Maryland Lawmakers Lose E-ZPass Privileges

MTA asked to terminate program

By Jim Iovino
|  Thursday, Oct 1, 2009  |  Updated 8:28 PM EDT
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Avoiding Maryland Tolls Still E-Z for Some

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Avoiding Maryland Tolls Still E-Z for Some

Some Maryland lawmakers and thousands of state workers were getting to skip the tolls that are supposed to generate revenue for the state. But the MTA has decided to end its free E-Z Pass program for lawmakers, while other government workers will still get a free ride.
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While E-ZPass customers in Maryland were recently hit with a monthly fee and start-up charge to use the service, the state's lawmakers were able to use theirs free of charge.

Until now.

The Maryland Transportation Authority is being asked to terminate the legislative branch's free E-ZPass program.

House Speaker Michael Busch and Senate President Mike Miller asked officials to terminate the program that allowed scores of lawmakers to avoid paying for the electronic toll-collection service. Lawmakers would still be eligible to seek reimbursement for tolls.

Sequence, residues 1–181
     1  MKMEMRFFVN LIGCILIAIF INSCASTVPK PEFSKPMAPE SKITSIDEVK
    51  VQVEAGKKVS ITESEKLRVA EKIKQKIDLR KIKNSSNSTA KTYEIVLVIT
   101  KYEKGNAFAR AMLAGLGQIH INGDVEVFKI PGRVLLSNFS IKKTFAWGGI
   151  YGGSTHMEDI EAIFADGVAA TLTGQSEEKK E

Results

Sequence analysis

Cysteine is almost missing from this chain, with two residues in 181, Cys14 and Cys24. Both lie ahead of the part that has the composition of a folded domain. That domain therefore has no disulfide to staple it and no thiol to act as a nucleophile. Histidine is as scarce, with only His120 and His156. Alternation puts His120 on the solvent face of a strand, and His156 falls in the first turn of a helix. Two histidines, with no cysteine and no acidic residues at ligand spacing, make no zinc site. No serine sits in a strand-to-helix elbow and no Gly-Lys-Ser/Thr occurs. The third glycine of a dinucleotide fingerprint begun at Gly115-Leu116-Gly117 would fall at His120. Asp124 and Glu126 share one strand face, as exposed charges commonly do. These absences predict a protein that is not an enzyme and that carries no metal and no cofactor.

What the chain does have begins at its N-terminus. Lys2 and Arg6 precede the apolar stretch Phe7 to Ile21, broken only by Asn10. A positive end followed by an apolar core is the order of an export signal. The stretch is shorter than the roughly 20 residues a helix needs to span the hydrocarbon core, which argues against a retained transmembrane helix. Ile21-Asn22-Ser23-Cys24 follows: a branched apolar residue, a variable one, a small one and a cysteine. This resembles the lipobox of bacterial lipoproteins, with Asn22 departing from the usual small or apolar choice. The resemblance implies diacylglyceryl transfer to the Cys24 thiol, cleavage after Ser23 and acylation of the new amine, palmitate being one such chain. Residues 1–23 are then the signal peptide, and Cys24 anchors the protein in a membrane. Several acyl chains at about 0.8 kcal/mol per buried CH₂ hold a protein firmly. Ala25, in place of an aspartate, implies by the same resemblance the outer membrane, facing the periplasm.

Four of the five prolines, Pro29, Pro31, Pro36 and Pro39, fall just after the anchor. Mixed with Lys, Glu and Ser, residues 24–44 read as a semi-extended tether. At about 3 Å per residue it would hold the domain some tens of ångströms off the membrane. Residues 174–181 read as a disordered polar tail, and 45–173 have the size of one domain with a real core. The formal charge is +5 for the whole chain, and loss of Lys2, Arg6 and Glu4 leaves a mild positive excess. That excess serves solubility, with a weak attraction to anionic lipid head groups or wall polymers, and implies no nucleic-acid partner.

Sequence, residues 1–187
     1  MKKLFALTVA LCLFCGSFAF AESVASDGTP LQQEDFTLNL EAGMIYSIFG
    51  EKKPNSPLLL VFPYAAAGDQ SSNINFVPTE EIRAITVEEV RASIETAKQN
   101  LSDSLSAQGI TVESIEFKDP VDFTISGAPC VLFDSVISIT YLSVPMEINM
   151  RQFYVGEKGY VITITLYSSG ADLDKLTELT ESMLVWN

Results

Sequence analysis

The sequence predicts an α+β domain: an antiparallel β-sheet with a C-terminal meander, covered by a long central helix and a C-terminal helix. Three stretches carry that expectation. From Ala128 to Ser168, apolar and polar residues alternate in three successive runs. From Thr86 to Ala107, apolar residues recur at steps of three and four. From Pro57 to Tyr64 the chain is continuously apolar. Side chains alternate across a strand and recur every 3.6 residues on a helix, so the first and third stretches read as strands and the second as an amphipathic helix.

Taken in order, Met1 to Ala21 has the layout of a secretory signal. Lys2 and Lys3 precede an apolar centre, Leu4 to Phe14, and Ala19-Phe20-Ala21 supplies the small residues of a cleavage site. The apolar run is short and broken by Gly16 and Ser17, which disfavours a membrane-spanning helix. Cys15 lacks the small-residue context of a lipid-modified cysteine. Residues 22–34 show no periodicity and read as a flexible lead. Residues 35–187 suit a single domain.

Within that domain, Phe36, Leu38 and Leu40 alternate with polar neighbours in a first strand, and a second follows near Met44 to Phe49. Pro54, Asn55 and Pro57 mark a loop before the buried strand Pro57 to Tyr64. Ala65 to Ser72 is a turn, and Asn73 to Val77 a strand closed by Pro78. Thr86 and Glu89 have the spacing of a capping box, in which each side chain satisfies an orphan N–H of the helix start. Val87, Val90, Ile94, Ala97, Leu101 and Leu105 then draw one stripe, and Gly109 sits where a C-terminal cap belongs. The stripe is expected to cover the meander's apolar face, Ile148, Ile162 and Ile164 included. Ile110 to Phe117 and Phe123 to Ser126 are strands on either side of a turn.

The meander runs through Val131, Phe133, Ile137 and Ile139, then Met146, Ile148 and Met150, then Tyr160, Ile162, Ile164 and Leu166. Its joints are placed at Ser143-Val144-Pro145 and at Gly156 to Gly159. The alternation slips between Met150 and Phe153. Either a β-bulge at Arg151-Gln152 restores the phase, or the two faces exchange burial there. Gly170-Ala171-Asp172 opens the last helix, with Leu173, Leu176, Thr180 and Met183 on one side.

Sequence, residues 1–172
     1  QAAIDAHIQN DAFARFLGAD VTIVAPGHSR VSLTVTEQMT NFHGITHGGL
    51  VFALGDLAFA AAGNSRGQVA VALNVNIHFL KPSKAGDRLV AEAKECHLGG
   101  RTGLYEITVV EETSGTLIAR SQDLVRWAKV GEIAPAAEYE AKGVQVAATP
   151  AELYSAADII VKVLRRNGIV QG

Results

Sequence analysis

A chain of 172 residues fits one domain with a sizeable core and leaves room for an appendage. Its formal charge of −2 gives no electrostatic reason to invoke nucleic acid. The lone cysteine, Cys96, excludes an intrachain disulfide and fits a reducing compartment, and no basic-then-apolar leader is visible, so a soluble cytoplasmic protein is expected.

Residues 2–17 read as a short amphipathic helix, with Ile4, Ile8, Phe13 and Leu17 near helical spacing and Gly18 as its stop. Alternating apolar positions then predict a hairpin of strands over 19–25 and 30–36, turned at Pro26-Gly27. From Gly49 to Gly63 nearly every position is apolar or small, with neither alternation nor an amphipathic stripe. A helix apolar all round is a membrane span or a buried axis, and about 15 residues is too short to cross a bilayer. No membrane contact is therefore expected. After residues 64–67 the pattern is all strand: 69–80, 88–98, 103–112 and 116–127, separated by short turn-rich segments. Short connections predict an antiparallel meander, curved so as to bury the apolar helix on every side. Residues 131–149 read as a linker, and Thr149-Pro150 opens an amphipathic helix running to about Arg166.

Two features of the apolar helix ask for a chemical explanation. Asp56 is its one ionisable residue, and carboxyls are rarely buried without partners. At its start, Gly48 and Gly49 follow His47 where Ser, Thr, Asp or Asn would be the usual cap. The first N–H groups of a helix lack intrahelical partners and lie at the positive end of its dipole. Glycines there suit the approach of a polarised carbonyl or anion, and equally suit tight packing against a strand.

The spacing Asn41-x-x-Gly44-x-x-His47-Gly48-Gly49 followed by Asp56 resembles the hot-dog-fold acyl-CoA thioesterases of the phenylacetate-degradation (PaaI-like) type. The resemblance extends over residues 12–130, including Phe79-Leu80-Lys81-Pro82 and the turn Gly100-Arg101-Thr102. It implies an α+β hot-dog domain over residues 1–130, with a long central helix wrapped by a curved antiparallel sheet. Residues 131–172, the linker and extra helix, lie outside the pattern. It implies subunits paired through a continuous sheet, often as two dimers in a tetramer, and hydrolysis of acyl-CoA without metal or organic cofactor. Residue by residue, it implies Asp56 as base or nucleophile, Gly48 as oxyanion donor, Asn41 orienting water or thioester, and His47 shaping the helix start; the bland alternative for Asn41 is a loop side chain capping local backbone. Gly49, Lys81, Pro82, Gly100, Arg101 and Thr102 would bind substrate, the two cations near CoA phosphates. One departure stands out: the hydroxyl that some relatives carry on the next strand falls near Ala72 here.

"I don't want myself or any member of the General Assembly to have any benefit that the public doesn't have," Busch told the Baltimore Sun. Busch and Miller said they don't have the free pass.

The authority imposed a $1.50-a-month fee on regular E-ZPass customers and began charging $21 for the transponders starting in July.

About 15,000 government employees and officials in the state have the free accounts. Meanwhile, the state faces a budget gap of nearly $2 billion next year.

Maryland Politics Watch has been all over this story, even filing a FOIA request to get a list of those who took advantage of the free service. That FOIA request has yet to be answered.

"... the Hypocrites of the Week award belongs to the Maryland Senate Republican Caucus, who have made great hay over the E-ZPass fee uprising by accusing the Governor of breaking his promise not to “nickel and dime” Marylanders. How many Senate Republicans were carrying free E-ZPasses at the time of that attack?"

It is unclear how much the move would to eliminate the free program will save, but an authority spokeswoman said the 137 nonrevenue transponders issued to state senators and delegates in fiscal year 2008 recorded 2,300 transactions.

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